It was nearing the end of the day of the first day of the show, and I hadn't covered nearly enough exhibits to ensure blogs for every room on floors 4 and 5, plus a number of others that I had agreed to cover. That, I figured, was why I found myself increasingly breathless as I ran from room to room, listening to less and less music before jotting down a few notes and heading out the door.
Then I entered the Coincident Speaker Technology room, heard some gorgeous music, and realized the underlying reason for my near-frantic pace.
When I entered Vienna Acoustics' room, their new Beethoven Baby Grand Symphony Edition (SE) ($4,500/pair), set to ship in November, was playing everything but Beethoven. Thanks to Boulder Electronics' 865 integrated amplifier ($12,500) and 1021 CD/Net DAC ($26,000), the latter streaming music from a Macbook Pro; IsoTek's Sigmas power mains filter network ($3,000); and Analysis Plus Silver Opal cabling, Jack McDuff's tenor sax filled the room with lovely, warm sound. The untreated room was not the kindest to the speaker's bass response, but everything above sounded great.
I don't know if it's a case of careful component and/or cable matchingWilson Audio, after all, favors VTL electronics and Transparent Cabling, and Spectral always dems with its own, MIT-manufactured cablingor just better engineering, but my experience of Teresonic single-driver loudspeakers has shifted dramatically for the better over the years.
Whisky, music, and chatter were all flowing, not necessarily in that order of priority, in the Music Hall room. Actual order of importance was determined by the visitors, of whom there were plenty, with a little boost from the high-proof atmosphere. Nonetheless, amidst a din too intense for serious listening, and preparations for the evening's dance party in the hotel Atrium that Music Hall was co-sponsoring with Chicago's Tweak Studio, Roy Hall and Leland Leard were managing to give complete and cogent raps about the equipment playing through the din.
Get a grip, Serinus. The equipment may have been ringed with Christmas lights, but it was October in the Denver Marriott Tech Center, not December in the Chapel of the Blessed Virgin. Nor does Nhan Huang of Angel City Audio resemble Western conceptions of Mary's immaculate offspring. Be that as it may, or as some of my harshest critics may wish it weren'tjump to it, JohnnyRthe Melody Pure Black 101 preamp ($499), Melody M845 monoblock amplifiers ($5899/presumably for the pair), Onix CD-50 $3699), Angel City Audio P2000 power conditioner ($4499), and MG Audio interconnects and speaker cable were delivering bright and incisive sound on two unidentified jazz tracks.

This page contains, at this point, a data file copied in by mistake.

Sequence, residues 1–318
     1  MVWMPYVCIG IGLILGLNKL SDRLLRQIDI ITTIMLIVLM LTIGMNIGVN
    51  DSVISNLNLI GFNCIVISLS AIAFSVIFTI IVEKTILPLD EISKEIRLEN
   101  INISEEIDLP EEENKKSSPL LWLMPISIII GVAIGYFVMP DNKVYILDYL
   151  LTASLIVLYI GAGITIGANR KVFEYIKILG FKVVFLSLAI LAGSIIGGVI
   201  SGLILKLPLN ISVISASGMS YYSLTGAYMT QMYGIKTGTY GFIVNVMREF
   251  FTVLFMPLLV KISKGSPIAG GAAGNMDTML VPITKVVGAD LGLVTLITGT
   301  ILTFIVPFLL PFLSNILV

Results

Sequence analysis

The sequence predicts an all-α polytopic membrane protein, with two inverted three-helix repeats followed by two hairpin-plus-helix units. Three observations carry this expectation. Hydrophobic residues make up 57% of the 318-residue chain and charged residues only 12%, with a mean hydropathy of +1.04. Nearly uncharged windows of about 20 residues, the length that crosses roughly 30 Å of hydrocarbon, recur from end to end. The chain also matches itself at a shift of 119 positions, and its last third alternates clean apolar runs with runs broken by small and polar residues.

Mike Hopkins of Aperion Audio has reason to smile. The Aperion Verus Grand ($1798/pair), a three-way tower loudspeaker with a frequency response of 45Hz22kHz, 6 ohms impedance, and 92dB sensitivity, was being fed by a Marantz SA 1153 SACD player and PM 1153 integrated amplifier via Straight Wire cabling, and delivering a very nice, complete presentation of Belinda Carlisle's cover of "Hallelujah."
At the center of SVS loudspeaker demo were its prototype, hand-built Ultra Series Ultra Towers ($1999/pair), with a rated response of 28Hz22kHz (±3dB). Due November 20, the speaker's trapezoidal cabinet, which has no parallel lines, was blasting raucous, sinfully compressed, ridiculously tipped up rock courtesy of Classé's CA-2300 amplifier and CP-800 preamp. Once the energy shifted, I enjoyed the lovely touch of sanity delivered by cellist Antonio Lysy (from Antonio Lysy At the Broad on Yarlung Records playing Piazzola's "Oblivion" on a fabulous CD that is also available in hi-res download format from Linn. And when the Ultra Series is released, it will also include the SVS Ultra Bookshelf ($999/pair), SVS Ultra Center ($699), and SVS Ultra Surround ($1199/pair).
What more can be said about Audioengine's flagship self-powered loudspeakers, the A5 ($399/pair) and A2 ($199/pair), than has already been said? We currently use the bigger babies for sound on an antiquated TV in my husband's man cave, aka "the cottage," and they're astounding for the price. The speakers were showing off thanks to several prototype Audioengine products that are still in the development stage.
There was so much going on in the George Warren Precision Sound room that, once I finished snapping photos, it was hard to focus on the music. Nonetheless, it was clear that the George Warren turntable ($4200$4850, depending upon finish) with its MØrch DP-8 tonearm (around $5000, available in gold or silver) were what this system was all about.
Visual aesthetics were clearly not the main priority in room 431. Pictured is Polk Audio's LSiM 707 loudspeaker ($4000/pair), driven by an unseen Oppo 83 SE used as a transport, the excellent Peachtree DAC/Pre ($4700), and, on the computer end, a Macbook Pro running Amarra 2.4.2 via an Audioquest Carbon USB cable. Audioquest Rocket 88 cabling, PS Audio P10 power conditioner, XLO-10 power cords, and room treatment completed a system that, on George Benson's classic recording of "The Ghetto"a song that doesn't sound remotely like the predominantly Mexican, multi-ethnic and multi-national ghetto in which I livesounded like solid hi-fi.